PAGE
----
I’ve recently returned from a short holiday in London where I was able to spend a couple of hours at the Science Museum in South Kensington. This was my third visit to the Museum but the previous two visits were hurried attempts to cover the entire Museum as quickly as possible so this was my first opportunity to take my time and concentrate on examining the Museum’s fine collection of computer-related exhibits in the Computing Gallery.
The highlight of the collection is probably the full-scale replica of Charles Babbage’s Difference Engine No. 2 which contains over 8,000 components and weighs 5 tonnes. Seeing this mechanical marvel up close really brings home the astonishing achievements made by Babbage more than a century before the birth of the computer industry. Other Babbage items on display include the trial model and some of the engineering drawings for the Analytical Engine, Babbage’s general-purpose programmable calculating machine which was never built. These provide a poignant reminder of a lost opportunity and food for thought on how much more advanced computer technology would have been had Babbage succeeded in completing this incredible machine.
I was pleasantly surprised to see one of Jesse Ramsden’s circular dividing engines on display. Ramsden’s work on scientific instruments and machine tools in the 1770s led to major advances in precision engineering. These advances not only allowed Babbage to create the intricate mechanisms for his Engines but they also provided the foundation for the successful mass production of mechanical calculating machines in the latter part of the 19th century.
The Museum’s collection does an excellent job of covering the mechanical and electromechanical eras and it was reassuring to see analogue computing well represented. The electronic age is less well represented, however, with only a handful of medium and large scale electronic computers on display. I’m aware that the Museum has many more items in storage than it can possibly display in the space available but it would be good to see a few more examples of electronic computers from recent times.
Unlike many of London’s tourist attractions, entry to the Science Museum is free. Despite visiting at the height of the tourist season, there were no long queues at the doors, possibly as a result of stiff competition from the Natural History Museum and Victoria & Albert Museum which are both located in the same area. If you are ever in South Kensington and have an hour or two to spare, I would highly recommend a visit. If not, you could try reading Chapter 1 of my book which covers the work of Jesse Ramsden and Charles Babbage.
Earlier this week I attended a conference on the history of computing held at the Science Museum in London. The conference was entitled Making the History of Computing Relevant and was organised by the International Federation for Information Processing (IFIP) in conjunction with the Science Museum and the Computer Conservation Society.
This was the first event of its kind to be held in the UK for several years and attracted participants from all over the country plus a large contingent of overseas visitors from as far afield as Australia, Japan and Hawaii. The main theme of the conference was exploring what could be done to make the history of computing relevant and interesting to the general public. The programme featured 28 presentations spread over 2 days. These were structured into a number of sub-themes, each of which included a generous allocation of time for questions and discussion.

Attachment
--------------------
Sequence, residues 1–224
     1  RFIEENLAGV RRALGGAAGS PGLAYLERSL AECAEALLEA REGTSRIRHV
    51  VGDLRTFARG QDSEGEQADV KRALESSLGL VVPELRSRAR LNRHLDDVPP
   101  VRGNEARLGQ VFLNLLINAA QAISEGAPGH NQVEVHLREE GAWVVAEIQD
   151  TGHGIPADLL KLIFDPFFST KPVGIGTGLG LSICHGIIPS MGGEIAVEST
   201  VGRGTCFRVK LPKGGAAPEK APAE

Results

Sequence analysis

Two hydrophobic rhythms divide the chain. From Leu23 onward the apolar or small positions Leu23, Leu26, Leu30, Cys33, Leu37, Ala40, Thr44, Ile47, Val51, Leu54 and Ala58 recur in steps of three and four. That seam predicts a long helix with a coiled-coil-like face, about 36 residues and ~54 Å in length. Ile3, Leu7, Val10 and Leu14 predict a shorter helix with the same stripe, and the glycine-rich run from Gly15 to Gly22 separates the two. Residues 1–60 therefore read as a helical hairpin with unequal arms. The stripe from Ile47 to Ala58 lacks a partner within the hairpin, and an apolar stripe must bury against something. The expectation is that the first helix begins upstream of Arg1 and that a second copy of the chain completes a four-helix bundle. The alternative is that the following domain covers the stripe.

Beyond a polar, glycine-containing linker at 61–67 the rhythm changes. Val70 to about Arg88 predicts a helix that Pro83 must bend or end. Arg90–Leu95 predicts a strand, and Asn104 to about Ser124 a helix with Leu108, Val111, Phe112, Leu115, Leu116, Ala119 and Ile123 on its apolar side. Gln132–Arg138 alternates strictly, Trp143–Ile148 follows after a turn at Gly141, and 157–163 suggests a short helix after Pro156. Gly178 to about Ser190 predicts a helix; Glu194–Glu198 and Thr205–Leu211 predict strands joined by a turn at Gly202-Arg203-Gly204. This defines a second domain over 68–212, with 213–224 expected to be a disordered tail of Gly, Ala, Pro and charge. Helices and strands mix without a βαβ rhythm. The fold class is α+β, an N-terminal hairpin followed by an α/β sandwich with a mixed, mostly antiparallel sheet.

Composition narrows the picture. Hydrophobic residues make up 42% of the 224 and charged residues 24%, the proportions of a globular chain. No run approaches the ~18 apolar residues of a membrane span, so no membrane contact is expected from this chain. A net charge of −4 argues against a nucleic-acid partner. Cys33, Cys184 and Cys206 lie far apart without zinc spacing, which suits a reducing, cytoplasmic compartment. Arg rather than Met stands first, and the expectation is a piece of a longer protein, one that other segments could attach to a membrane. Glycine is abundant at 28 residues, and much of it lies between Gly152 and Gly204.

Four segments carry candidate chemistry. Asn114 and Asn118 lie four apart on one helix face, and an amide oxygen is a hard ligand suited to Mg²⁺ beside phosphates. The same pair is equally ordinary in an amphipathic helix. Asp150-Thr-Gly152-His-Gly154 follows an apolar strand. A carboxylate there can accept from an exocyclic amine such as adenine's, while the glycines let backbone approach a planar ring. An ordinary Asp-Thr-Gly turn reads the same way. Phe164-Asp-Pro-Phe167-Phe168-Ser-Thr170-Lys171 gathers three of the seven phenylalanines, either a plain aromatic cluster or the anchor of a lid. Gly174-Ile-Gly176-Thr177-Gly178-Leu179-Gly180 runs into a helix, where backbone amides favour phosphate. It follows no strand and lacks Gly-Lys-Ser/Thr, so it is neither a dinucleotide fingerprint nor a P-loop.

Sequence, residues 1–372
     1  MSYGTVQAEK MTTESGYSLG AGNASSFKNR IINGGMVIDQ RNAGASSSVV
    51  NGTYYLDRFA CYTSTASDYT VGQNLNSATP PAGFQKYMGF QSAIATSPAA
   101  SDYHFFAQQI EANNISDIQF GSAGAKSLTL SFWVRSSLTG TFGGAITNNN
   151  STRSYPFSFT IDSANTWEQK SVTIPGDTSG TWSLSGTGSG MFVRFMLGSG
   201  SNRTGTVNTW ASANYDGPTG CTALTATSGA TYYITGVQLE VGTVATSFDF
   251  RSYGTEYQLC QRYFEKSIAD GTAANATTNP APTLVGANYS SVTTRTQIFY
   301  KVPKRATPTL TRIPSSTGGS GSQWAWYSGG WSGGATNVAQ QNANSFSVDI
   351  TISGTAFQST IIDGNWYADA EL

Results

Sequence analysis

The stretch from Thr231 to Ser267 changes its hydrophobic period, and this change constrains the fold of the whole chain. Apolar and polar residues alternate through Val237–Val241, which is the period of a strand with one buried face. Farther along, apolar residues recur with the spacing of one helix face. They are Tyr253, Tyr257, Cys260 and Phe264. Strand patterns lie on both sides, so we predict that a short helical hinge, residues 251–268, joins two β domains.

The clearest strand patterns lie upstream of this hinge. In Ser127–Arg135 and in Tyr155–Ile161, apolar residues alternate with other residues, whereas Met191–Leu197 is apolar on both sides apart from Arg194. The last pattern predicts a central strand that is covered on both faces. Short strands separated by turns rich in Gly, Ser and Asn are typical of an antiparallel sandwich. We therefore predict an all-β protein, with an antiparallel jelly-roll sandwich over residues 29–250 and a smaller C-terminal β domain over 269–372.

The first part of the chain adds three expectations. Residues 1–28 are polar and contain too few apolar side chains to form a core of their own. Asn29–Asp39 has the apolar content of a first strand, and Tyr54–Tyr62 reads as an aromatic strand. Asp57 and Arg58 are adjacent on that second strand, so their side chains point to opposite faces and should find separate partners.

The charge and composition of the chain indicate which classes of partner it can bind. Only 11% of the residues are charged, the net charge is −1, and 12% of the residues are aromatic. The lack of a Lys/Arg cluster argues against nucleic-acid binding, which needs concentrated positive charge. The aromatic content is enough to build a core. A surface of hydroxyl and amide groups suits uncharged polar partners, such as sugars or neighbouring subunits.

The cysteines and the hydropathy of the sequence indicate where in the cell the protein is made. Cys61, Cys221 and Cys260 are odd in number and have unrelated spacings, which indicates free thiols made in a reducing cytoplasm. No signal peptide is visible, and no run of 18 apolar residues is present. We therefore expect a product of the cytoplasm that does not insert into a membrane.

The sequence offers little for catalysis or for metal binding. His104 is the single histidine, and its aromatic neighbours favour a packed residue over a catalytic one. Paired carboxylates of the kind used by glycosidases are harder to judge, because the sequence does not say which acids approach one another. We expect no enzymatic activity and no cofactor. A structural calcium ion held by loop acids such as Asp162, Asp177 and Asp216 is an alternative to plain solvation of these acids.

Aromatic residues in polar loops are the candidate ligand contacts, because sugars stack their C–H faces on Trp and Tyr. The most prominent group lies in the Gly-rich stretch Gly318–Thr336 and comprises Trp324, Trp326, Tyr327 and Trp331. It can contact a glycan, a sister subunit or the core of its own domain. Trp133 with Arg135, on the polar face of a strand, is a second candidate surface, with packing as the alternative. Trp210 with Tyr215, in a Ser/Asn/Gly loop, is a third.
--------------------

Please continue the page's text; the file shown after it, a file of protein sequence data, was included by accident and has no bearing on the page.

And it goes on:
The presentations were uniformly excellent but the two stand out ones for me were ‘The Voice of the Machine’ by Dr Tom Lean and ‘Reconstruction of Konrad Zuse’s Z3’ by Dr Horst Zuse:-
- Dr Lean’s presentation featured video and audio clips of interviews with some of the pioneers of computing in the UK which he has been gathering as part of the British Library’s ‘Voices of Science’ oral history project. Listening to these fascinating clips gave the subject matter a more human dimension which should certainly help in making the history of computing more compelling to a non-technical audience.
- Dr Zuse’s presentation was a hilarious account of his efforts to build a replica of the legendary Z3 electromechanical computer developed by his father in 1941. It included clips from a video diary Dr Zuse had kept on the project, featuring such comic scenes as DHL couriers struggling to deliver heavy boxes containing thousands of electromagnetic relays to Dr Zuse’s top floor flat. It was by far the funniest conference presentation I have ever had the pleasure of witnessing.
A reception was held in the Science Museum’s Alan Turing exhibition on the evening of Day 1. This only added to the general air of conviviality and shared enthusiasm for the subject which permeated the whole event, although there was one moment of heated debate on Day 2 regarding whether museums should make more of an effort to give working demonstrations of their exhibits in situations where the equipment is still in working order.
I was also struck by the number of septuagenarian delegates sporting the latest smartphones, tablets and laptops and who were clearly much more skilled at using them than I am. Proof perhaps of the adage “once a computer geek, always a computer geek“?
I am indebted to Google for sponsoring the conference, without which I probably could not have afforded to attend, as the delegate fees for conferences of this quality are usually several hundred pounds. Thanks also to Dr Tilly Blyth (pictured above) and her team from the Science Museum for organising such an enjoyable and well run event. Hopefully, the programme committee will decide to make this a regular event. I’m already looking forward to attending the next one!